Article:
I met my husband 20 years ago through a mutual friend who played on his baseball team.
“Tell him Shippy says hi,” Ken James said after suggesting I look up his teammate at my new place of employment. “Maybe he’ll introduce you to some people.”
I thought that was a good idea and after a few days on the job I e-mailed Paul Welbourne, also known as “Nuke” to Ken and the rest of their team. Even though he worked in a different building than I did, we arranged to meet for coffee at the end of the day.
At the time Paul was a pitcher in a competitive men’s league with the Vancouver Pharaohs. He also played softball with a group of work pals I met after our coffee.
We became fast friends and I soon learned how passionate his family was for the sport. His nieces and nephews played in T-Ball and little league, his sisters played when they were younger, and his father played for many years—and by the time I met him he was a provincial commissioner of Babe Ruth Baseball.
Since then Gord Welbourne has been honoured by the Coquitlam Sports Hall of Fame and the Babe Ruth Hall of Fame for his 45 years of service for the North American association.
Even Grandpa Charlie was a ball player and heavily involved in growing the sport in Burnaby before and after the Second World War.
But now the only one in the Welbourne clan who plays ball regularly is our 11-year-old daughter, Daisy. Without any coaxing from us, she felt it was her destiny and joined the Westside Outlaws in the Westside Minor Fastball Association three years ago.
Initially she wasn’t always focused and it wouldn’t be unusual to see her doing cartwheels in the outfield. But in the last year she’s suddenly become more serious about the sport.
She’s also keen on getting better. As a result of her improvements, as well as those of all her teammates, the games have become more interesting to watch.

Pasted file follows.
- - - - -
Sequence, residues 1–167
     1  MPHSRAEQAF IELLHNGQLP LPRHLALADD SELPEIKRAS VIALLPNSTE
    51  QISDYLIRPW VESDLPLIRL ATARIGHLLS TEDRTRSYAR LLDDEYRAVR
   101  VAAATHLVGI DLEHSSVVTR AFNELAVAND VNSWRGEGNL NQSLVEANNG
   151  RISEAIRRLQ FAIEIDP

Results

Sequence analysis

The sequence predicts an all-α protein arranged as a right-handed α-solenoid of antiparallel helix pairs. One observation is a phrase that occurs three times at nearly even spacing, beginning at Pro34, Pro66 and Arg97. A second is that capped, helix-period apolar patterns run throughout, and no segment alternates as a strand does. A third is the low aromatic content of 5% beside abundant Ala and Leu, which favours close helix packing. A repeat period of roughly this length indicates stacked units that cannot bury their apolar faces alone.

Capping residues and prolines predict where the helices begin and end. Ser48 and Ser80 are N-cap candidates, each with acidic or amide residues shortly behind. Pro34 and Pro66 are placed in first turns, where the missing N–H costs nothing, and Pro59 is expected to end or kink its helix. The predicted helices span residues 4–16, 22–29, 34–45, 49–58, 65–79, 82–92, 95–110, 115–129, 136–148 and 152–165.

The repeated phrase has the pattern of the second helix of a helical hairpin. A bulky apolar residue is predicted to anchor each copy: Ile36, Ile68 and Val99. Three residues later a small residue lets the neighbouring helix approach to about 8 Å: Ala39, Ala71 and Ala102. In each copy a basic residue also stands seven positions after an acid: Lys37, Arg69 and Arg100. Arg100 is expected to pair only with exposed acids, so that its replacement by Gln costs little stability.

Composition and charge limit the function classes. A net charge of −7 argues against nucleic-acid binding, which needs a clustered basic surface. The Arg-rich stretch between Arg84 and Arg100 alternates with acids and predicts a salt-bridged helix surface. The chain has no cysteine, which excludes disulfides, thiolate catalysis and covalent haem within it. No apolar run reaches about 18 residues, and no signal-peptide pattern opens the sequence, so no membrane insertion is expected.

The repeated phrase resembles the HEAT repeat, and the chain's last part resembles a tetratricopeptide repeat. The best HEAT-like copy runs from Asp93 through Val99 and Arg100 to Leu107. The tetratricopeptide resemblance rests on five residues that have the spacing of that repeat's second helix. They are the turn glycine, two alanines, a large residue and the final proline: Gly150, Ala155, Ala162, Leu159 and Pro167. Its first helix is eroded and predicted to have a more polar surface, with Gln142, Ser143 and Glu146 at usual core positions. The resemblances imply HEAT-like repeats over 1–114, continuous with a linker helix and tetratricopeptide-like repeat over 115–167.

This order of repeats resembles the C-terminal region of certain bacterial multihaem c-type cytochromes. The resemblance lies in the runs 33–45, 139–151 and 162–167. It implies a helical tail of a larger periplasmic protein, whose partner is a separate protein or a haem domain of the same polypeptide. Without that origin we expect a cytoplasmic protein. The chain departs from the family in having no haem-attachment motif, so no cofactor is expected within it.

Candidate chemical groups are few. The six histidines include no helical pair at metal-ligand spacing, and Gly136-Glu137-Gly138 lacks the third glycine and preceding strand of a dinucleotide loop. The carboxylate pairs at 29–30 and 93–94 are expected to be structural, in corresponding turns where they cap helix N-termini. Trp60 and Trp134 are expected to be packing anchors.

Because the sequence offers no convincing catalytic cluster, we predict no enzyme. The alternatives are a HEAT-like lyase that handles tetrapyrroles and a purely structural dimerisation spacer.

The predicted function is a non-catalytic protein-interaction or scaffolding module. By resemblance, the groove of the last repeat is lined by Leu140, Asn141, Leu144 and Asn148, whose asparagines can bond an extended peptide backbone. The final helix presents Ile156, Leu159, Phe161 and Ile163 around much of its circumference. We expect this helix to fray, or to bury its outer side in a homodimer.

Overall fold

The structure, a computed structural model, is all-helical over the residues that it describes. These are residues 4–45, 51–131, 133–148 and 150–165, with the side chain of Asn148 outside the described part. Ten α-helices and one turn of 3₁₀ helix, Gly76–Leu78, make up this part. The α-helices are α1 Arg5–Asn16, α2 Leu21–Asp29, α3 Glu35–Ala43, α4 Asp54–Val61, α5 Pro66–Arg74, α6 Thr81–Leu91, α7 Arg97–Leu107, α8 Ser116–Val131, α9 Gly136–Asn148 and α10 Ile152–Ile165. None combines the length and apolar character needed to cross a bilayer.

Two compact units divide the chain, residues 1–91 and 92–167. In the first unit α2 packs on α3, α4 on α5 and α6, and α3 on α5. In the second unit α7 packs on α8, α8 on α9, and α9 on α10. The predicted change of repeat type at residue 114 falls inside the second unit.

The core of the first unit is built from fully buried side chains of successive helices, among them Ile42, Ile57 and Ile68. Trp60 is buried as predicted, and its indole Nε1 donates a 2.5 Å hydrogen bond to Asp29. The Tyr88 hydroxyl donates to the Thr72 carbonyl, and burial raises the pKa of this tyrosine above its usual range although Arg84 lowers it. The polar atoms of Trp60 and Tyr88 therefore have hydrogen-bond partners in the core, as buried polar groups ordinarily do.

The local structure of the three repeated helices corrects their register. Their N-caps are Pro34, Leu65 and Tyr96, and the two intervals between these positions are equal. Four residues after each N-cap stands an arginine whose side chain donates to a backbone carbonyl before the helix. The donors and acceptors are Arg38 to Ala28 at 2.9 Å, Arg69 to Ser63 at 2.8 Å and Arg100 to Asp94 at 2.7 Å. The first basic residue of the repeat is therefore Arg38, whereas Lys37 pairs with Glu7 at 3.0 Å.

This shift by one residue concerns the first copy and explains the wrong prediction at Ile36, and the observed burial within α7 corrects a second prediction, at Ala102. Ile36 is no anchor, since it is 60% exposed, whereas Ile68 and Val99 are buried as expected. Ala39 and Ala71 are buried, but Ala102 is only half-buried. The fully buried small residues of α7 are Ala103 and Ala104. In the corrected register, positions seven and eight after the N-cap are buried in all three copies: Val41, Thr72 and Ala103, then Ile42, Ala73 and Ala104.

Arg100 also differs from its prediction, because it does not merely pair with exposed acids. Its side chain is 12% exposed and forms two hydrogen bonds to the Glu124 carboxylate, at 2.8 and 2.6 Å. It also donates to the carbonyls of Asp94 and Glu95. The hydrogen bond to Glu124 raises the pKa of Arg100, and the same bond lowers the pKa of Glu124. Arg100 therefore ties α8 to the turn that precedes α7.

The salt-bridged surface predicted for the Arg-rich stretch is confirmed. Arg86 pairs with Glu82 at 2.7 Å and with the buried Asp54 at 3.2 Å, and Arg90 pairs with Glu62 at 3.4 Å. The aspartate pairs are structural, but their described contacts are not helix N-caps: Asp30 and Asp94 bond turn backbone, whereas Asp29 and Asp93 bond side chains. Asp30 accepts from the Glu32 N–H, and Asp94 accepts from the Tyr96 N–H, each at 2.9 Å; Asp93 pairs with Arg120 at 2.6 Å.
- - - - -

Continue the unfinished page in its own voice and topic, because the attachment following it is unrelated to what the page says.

The most exciting one I’ve witnessed personally happened at a recent tournament in Summerland when her team was down 12 runs in the last inning of the finals.
We didn’t think there was much of a chance they’d win a medal at that point, but after Daisy’s friend, Sammi, shut down their opponents with her superb pitching, and the entire team came together to make an incredible comeback with a bunch of runs, they unexpectedly had a chance to win.
It was one of those nail-biting experiences I’ll never forget. With two outs, and the bases loaded it was Daisy’s turn up at bat.
Standing on the sidelines I felt increasingly stressed as each pitch was thrown. It felt like slow motion to me as I tried to telepathically send her a message to relax, have fun and go for it. Finally, the decisive moment that would determine a win or loss for the Outlaws was upon us.
With two strikes and three balls, my daughter stood at home plate ready for the last pitch. As the girls and the coach cheered her on, affectionately calling her “Crazy”, my friend’s dad yelled “Here’s your chance to be a hero.”
I held my breath, the ball was thrown, and Daisy swung at it with everything she had, plowing it straight down the middle to the outfield, as the girls on base ran into home, winning the game. It was tremendously exciting and one of those times I wish a video camera had been rolling.
It was also one of those moments that has Daisy feeling her family’s passion for baseball even more than she already did.
Lori Welbourne is a syndicated columnist. She can be contacted at LoriWelbourne.com.